Serpent Drum Reference Image Gloss


Walt Whitman was well read, despite the fact he didn’t recieve any formal education beyond his youth. He had knowledge of medicine and religion among other things. I selected this because I didn’t understand the context.

Walking the teokallis, spotted with gore from the stone and knife-beating the serpent skin drum;

Teocallis is another word for Aztec temple.   (p80)

If the word is broken down then it’s [Nahuatl : tetlgodcallihouse.]

I didn’t understand the reference to the serpent-skin drum so I did a quick look up on Aztec culture and found information regarding the creation myth of the Aztecs. From that myth, the relevant portion is as follows:

Quetzalcoatl was one of the four gods created by  the great god Ometeotl.  Quetzalcoatl ricked the god of the underworld (Mictlantechutli) to bring back the bones of the dead into the rela world.  Quetzalcoatl gave his blood to the bones to create new life. In gratitude, people were sacraficed in the name of Quetzalcoatl (serpent skin beast).


Pedro for September 15

When I attended class on last Tuesday I did a bit of thinking and this post is what came from it:

Someone one once told me there is a difference between a scientific journal and a poem.  A scientific journal is meant to be interpreted in one way while a poem can be looked at from numerous angles.  Most of the readings I do as part of my academic requirements or even leisure are more along the technical or scientific domains, not poetry. Poetry has no rules or any conventions of sorts but it remains a highly respected and admired method of communication and art. I acknowledge that writing is an art form in itself but I didn’t treat the reading as such. I have to read Whitman differently.

When I read “Song of myself”, I wasn’t reading between the lines. I read it as a text book which basically meant I missed many of the things that we would discuss in class.

The context of Song of Myself was is also relevant, literature cannot be analyzed in a vacuum and the time period has significance for any piece of text or literature. When Whitman pokes at religion on p. 53, I didn’t realize the risk Whitman is taking.

“Divine am I inside and out, and I make holy whatever I touch or am touched from;

The scent of these arm-pits is aroma finer than prayer.”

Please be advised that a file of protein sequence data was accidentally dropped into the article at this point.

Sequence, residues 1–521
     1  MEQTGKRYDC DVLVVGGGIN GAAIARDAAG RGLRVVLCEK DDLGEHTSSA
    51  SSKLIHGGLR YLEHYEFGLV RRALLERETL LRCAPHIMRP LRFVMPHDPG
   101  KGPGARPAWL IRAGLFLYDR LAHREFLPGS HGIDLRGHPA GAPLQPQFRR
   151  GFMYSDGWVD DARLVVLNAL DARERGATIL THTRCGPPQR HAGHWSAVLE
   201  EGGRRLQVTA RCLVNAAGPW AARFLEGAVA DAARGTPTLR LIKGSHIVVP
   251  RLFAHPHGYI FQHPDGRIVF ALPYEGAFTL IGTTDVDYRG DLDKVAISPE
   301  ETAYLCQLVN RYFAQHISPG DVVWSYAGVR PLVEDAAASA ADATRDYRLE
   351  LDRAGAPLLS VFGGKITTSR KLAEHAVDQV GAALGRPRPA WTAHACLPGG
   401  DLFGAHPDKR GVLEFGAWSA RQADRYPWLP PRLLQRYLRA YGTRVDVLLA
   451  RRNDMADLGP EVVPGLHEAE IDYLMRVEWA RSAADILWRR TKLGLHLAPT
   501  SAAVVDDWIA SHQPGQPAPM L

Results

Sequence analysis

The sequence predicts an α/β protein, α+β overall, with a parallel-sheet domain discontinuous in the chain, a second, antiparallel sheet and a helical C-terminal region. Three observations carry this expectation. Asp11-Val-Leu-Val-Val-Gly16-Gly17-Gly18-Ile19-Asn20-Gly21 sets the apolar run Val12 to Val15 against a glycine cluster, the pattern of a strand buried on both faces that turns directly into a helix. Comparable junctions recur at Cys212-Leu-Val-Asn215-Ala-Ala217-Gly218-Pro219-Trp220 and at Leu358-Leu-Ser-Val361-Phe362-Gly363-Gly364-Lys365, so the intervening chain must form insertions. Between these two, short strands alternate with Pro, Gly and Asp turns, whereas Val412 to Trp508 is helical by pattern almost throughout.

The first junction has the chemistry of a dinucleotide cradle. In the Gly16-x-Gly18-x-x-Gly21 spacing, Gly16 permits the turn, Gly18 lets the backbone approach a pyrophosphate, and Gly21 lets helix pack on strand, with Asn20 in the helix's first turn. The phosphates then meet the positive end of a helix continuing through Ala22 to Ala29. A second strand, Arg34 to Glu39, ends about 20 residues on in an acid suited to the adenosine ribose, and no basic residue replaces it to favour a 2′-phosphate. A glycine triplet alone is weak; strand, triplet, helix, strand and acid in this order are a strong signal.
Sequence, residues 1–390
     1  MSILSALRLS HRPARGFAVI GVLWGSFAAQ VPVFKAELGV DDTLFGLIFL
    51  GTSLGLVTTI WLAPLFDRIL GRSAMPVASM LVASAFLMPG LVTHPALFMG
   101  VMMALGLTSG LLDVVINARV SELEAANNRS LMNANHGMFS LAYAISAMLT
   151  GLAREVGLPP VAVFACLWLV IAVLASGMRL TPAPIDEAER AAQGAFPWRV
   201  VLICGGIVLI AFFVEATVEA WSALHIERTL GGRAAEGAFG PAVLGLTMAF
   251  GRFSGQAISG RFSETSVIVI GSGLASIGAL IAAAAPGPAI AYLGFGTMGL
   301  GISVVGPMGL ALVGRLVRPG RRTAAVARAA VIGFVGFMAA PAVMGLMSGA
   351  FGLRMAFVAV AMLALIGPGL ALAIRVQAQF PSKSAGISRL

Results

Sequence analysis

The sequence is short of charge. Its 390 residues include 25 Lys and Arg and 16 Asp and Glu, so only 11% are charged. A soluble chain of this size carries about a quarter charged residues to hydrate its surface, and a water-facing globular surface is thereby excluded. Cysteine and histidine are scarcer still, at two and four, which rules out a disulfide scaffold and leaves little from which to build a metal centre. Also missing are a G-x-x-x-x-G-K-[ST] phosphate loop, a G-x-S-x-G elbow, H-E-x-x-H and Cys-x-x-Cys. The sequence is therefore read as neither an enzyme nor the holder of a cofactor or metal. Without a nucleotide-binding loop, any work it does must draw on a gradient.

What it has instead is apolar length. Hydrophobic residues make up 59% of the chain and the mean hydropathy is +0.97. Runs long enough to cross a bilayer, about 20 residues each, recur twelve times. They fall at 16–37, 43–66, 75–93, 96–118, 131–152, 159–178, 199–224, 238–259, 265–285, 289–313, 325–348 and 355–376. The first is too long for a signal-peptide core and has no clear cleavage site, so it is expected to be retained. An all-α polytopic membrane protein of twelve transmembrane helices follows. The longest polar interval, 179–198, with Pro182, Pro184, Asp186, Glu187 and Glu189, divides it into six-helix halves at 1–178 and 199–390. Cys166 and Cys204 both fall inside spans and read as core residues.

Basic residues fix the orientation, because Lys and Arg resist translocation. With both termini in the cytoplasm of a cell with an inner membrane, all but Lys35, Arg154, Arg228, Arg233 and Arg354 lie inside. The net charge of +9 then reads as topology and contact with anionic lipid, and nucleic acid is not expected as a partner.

In the 1850s, religion still played a dominant role in American society. His fearlessness in expressing his thoughts and sexuality is one of the reasons he is one of the most prominent poets of American History. This kind of writing is frowned upon by the church and he could have met many misfortunes if he published his work with his name on cover.

When a fellow student read a portion of the poem so passionately, Whitman’s words really came alive. I was able to interpret the message in the poem better and the whole class became excited Whitman’s work was meant written to be read aloud, not quietly hiding under the stars.

The final valuable thing I drew from the class discussion was the amount of nuance and word play in his writing. Only someone really analyzing the poem deeply could come to appreciate these things and would able to identify the hidden gems in his sentences. Being part of this course and its collaborative nature means no stone will be left un turned. Many parts of the poem make various references to French expressions and his personal life. I found an online version of the poem and ran many of the terms through search engines and comparing that with the footnotes.  The poem starts with I and ends with you, I wouldn’t have noticed unless Professor Gold pointed that out.

Many of the things in this post here were drawn from class discussion; in subsequent readings I should be able to draw some of these things on my own. This is part of the learning process and reflection helps facilitate it. Whitman’s writing is a different kind of puzzle, one I am not use to and while I am slightly frustrated a first, I can take a different hammer to it.


Song of Pedro


REALISM is mine, my miracles,
Take all of the rest — take freely — I keep
but my own — I give only of them,
I offer them without end — I offer them to you
wherever your feet can carry you, or your
eyes reach.

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